In Dad’s car, February, 2000

Morningside

An old man died …

 … And when he died
He left a table made of nails and pride
And with his hands he carved these words inside
“For my children”

When I was little there was always music in the house, especially on Saturday mornings. Dad would crank up the TEAC reel-to-reel with its square steel buttons sticking out like teeth, and out of the huge speakers planted around the house would blast Neil Diamond’s Hot August Night. During Crunchy Granola Suite I’d sing along with the dat dat de dum..s excitedly waiting for Dad to join Neil in his exuberant Good Lord! He always got it at exactly the right moment. And then I knew the day was on its way to being a good one. Watching someone be happy is a powerful thing.

When I was that little, that music was more like a feeling or a mood, than a sound. It was happy and hopeful and felt like wrestling with my brothers, games of Monopoly, Mum doing head stands and down face dogs, Dad asking me if I had any problems in the world on the way to the hardware store, and eight-year-old me being able to answer No. I remember the deep, silky tones of Neil Diamond’s Shilo, Sweet Caroline, Crackling Rosie being the soundtrack to these sunny Saturday mornings. Mum, What’s a store bought woman? But I don’t remember Morningside. Maybe because it was on reel two, or maybe because it was sad and serious and wasn’t very catchy. Perhaps Dad changed the reel before we ever got to it.

Then us kids grew up. Especially my big brother. And with all the stuff that went along with that, the music stopped. It’s not like parents got a lot of guidance back then either. Dr Spock’s The Common Sense Book of Baby and Child Care never mentioned anything about weed, or heroin, or ripping off family, or car accidents that killed people, or jail, or alcoholism, or things and people not turning out like they were supposed to. And the others of us in the family just watched as a sad, strained silence took the place of songs. I left home and went through a grungy punk phase. I think I just wanted it to be noisy again. Each year I move farther and farther away.

Fast forward ten years. I’m pregnant with my second child, visiting Mum and Dad to escape the Alice Springs heat. Maybe it’s because my three-year-old brings her infectious curly spark into the stillness, or maybe it’s because the support group my parents have been going to for a while now helps them realise that maybe everything is not their fault, that they were, are, doing the best they can. Either way, it’s like something has pulled open the curtains a bit and let a slither of light in.

I’m watching Dad working on the huge driftwood table he’s been making out of wood that he’s found and dragged home from the beach. He wants to give it to me and my little family as a wedding present if ever we do go ahead and get married. It will seat ten, is made without using a single nail or screw, and has bits of rope and coral inlayed in the ends, a magnificent masterpiece of craftsmanship and love.

As he works away, Dad tells me he’s been thinking. He wants music back in the house again. He looks up from his sanding and with a glint in his dark eyes, says he wants to blast Hot August Night loud through all the rooms again. Inside, the speakers are the same and as good as ever, but the old TEAC has long since been replaced by a fancy stereo unit with turntable and cassette, and then upgraded again more recently with a CD player.  When we go inside and look, the cassette cover of Hot August Night is there in the stack but the tape is nowhere to be found.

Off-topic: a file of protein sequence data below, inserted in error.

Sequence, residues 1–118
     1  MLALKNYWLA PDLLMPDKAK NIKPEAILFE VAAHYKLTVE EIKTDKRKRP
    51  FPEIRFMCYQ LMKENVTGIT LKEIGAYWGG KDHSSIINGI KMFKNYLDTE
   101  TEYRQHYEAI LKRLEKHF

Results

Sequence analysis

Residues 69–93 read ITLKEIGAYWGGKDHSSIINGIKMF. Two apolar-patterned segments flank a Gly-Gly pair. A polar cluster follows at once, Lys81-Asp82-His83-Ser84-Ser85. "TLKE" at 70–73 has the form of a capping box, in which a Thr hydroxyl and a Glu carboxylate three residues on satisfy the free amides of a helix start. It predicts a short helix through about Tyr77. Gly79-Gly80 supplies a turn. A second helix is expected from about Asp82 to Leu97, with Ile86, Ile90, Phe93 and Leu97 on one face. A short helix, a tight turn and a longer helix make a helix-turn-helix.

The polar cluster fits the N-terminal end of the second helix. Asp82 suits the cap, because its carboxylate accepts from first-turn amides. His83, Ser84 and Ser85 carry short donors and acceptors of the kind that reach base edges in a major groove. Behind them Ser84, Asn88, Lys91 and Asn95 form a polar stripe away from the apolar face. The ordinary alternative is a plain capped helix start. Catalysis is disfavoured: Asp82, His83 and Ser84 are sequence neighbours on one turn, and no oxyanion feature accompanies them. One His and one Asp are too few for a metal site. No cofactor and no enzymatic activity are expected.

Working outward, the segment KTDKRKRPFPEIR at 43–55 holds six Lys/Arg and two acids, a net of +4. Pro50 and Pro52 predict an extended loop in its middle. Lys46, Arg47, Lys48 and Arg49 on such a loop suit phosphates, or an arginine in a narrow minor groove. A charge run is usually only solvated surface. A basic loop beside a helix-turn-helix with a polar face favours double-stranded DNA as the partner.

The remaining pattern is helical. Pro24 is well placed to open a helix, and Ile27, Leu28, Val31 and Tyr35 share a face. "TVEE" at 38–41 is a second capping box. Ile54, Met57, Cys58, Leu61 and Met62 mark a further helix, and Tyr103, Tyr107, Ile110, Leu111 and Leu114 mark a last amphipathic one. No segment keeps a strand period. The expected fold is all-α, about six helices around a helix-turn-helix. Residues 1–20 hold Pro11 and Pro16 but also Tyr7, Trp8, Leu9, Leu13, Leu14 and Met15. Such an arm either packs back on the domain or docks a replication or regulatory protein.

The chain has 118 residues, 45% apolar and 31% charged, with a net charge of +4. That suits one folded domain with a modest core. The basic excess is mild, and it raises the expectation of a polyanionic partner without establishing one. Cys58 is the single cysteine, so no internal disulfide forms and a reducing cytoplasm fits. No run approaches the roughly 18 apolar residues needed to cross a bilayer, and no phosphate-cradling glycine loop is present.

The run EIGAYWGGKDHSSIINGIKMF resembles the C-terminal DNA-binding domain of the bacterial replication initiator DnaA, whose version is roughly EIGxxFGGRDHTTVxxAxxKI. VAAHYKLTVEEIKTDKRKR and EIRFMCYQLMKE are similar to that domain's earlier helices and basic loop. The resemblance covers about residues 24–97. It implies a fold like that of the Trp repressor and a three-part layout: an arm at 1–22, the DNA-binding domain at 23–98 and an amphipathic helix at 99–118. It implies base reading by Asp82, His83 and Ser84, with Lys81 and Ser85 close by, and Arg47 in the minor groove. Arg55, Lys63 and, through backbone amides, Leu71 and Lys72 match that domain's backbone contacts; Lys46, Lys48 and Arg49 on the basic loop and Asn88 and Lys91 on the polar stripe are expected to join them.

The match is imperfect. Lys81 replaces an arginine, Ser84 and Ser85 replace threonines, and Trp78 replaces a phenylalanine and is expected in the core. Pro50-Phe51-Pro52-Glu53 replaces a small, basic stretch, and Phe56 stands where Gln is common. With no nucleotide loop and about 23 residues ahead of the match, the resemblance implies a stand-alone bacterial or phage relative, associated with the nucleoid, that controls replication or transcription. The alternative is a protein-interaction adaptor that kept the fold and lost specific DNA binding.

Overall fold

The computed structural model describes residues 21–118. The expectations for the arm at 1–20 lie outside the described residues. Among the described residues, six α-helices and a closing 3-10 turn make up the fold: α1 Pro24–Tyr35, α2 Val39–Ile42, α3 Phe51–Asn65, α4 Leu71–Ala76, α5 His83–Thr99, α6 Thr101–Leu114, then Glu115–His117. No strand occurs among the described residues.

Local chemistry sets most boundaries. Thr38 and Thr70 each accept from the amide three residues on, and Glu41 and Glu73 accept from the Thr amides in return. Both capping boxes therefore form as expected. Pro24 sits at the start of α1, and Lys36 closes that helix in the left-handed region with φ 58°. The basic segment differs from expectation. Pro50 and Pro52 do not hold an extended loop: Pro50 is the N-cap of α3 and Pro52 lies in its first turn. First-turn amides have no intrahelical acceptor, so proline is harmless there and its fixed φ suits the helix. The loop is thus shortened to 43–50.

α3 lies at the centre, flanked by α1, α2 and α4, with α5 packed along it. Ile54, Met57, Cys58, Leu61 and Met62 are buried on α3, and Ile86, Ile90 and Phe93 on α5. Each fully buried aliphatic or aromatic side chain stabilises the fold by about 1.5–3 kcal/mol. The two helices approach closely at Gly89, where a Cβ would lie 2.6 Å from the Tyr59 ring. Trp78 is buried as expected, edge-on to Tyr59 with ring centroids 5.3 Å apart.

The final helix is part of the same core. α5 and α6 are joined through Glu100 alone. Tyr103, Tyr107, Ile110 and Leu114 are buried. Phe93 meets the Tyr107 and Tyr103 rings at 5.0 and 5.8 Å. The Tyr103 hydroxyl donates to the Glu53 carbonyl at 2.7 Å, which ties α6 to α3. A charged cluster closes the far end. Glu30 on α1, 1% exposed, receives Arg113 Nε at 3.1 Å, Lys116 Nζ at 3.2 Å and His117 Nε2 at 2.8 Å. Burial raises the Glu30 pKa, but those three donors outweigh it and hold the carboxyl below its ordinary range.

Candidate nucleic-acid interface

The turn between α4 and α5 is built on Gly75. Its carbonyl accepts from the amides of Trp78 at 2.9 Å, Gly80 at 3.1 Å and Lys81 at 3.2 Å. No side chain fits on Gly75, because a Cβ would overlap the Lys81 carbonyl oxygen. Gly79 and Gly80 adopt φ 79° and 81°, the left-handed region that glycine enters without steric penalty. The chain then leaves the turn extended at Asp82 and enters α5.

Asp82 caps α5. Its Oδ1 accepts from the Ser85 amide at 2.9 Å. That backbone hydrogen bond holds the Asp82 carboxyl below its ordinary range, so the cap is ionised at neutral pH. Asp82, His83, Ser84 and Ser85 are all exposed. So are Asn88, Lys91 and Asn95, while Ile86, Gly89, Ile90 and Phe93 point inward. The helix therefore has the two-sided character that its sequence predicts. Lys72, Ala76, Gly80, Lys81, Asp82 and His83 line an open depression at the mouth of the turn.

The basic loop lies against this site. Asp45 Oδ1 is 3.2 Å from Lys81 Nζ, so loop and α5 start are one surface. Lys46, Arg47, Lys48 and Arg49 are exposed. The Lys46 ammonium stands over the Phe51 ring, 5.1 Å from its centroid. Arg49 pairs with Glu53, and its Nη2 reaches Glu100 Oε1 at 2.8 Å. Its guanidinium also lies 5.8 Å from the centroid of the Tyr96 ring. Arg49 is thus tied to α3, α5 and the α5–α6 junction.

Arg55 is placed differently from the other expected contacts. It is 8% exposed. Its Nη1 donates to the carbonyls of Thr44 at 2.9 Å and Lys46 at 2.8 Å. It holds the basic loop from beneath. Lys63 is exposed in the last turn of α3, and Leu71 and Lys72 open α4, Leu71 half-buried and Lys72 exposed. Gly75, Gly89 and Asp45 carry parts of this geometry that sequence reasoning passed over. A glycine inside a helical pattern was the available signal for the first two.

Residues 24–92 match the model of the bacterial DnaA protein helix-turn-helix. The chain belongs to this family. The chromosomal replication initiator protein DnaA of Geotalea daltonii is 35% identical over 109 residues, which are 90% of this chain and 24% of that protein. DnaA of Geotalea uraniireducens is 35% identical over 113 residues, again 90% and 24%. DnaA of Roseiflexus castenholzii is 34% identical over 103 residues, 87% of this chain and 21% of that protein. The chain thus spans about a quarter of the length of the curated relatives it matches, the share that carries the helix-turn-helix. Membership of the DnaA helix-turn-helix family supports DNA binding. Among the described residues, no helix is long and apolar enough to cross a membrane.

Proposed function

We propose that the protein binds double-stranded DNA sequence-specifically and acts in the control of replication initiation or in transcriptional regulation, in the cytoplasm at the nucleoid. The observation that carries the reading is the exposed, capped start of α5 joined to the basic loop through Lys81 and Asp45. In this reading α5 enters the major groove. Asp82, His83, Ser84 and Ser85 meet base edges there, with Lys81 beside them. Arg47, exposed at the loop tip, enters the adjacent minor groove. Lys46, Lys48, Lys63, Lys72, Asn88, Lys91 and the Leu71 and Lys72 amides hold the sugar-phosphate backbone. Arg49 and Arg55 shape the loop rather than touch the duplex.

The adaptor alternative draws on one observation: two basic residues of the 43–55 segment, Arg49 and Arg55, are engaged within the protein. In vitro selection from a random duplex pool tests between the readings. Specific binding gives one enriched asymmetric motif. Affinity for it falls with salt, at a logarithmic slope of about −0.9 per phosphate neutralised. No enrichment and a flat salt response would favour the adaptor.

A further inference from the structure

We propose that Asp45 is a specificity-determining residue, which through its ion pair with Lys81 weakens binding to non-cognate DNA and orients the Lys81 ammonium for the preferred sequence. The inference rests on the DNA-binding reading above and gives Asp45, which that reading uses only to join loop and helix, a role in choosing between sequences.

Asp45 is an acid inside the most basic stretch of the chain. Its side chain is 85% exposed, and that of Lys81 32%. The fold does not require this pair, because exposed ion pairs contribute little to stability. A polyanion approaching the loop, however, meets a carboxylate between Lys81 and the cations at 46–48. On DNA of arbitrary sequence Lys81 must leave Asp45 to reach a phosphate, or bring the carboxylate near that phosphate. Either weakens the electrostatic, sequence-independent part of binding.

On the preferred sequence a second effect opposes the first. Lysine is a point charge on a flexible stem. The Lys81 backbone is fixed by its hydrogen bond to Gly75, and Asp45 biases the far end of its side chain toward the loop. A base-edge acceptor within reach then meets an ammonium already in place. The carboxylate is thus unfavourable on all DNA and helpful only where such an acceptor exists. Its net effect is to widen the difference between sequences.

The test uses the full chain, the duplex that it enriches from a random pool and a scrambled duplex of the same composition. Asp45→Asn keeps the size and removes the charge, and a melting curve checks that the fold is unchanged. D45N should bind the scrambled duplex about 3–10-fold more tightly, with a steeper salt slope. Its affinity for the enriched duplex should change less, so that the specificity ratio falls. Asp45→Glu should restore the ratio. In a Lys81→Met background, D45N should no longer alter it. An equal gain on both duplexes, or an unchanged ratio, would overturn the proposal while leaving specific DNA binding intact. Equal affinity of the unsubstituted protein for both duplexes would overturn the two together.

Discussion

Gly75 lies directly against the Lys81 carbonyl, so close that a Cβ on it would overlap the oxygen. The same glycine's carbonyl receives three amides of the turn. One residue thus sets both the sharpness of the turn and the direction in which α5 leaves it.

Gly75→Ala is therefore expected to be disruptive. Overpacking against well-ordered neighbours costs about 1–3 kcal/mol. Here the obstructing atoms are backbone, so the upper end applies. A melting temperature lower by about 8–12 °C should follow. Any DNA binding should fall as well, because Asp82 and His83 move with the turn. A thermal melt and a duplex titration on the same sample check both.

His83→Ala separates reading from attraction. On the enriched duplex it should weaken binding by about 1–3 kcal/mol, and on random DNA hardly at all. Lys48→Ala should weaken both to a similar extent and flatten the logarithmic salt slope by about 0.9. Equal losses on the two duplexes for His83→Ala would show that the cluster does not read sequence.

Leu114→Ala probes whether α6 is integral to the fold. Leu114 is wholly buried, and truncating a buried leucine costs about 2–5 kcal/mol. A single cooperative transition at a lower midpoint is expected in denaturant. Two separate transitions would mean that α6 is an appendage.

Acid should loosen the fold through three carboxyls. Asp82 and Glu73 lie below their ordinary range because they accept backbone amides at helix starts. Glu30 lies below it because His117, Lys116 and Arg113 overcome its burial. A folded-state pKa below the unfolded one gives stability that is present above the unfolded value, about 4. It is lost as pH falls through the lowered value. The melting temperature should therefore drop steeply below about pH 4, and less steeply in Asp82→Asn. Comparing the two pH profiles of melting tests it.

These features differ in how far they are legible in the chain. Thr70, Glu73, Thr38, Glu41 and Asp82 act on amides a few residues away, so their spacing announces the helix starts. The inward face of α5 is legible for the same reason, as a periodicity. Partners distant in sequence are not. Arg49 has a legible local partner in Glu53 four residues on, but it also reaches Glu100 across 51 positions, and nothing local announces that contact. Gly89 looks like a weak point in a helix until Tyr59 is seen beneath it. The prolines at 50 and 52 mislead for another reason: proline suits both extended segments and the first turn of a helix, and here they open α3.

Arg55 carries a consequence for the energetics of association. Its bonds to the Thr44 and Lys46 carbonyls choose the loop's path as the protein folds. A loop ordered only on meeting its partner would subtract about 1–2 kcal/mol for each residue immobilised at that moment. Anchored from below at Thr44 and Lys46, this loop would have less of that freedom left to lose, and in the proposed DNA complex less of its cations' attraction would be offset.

“Come on”, I say, “Let’s go buy it… RIGHT NOW!”

In the carpark behind Cosmos Books and Music in Acland Street, we unwrap the new CD and he slides it into the player. “I want to play you a song I’ve been thinking about as I’ve been making that table.” He flicks through the tracks to Morningside and the soothing velvet sounds of Neil’s voice singing about the old man and the table fill the car as we drive back home with our arms on the open window sills in the summer sun.

Before we get out of the car, Dad tells me he is going to make a plaque for underneath his table before he gives it to us. It is going to say “for my children” like in the song. We go inside and put the CD on the stereo. My three-year-old watches mesmerised as he gets Good Lord! exactly right as usual.  That day feels like the start of something. It feels like the Saturday mornings of my childhood.

A month later Dad was diagnosed with cancer. A year or so later he was gone. Somewhere in that time we got hastily married while he was still ok enough to attend. Mum made me a special wedding dress so I could breast feed my ten-week-old son. Dad had the table, weighing a bloody ton, shipped up to Alice for our present. A few months later we played Johnny Nash’s I Can See Clearly Now at his funeral. Believe it or not, there was a rainbow over our house the day he went. I cried and I cried.

…the old man died…

Another decade or two down the track, my own kids have grown and left home, and that marriage is long since over. But the table is still with me, has been with us through so much. When I moved back down South, I had to choose a house with a big enough spot to put it. These days, whenever the kids are home, or Mum is up for a visit, someone nods towards the porch, holding their plate of food, or gesturing with their glass, “Dad’s table?” and we’ll settle around it, running our palms over the soft worn wood as we talk and eat. He never did get to add the plaque, but lately I’ve been thinking, perhaps I will.

Wash away the sadness from these eyes of mine
For I recall the words the old man signed
“For my children”

 

 

*Video/YouTube clip recorded at Sidney Myer Music Bowl, 1976.

**Cosmos Books and Music, now Readings.

 

 

Jane is a writer, artist and educator now living and working in both Melbourne and North East Victoria after many years spent in Alice Springs.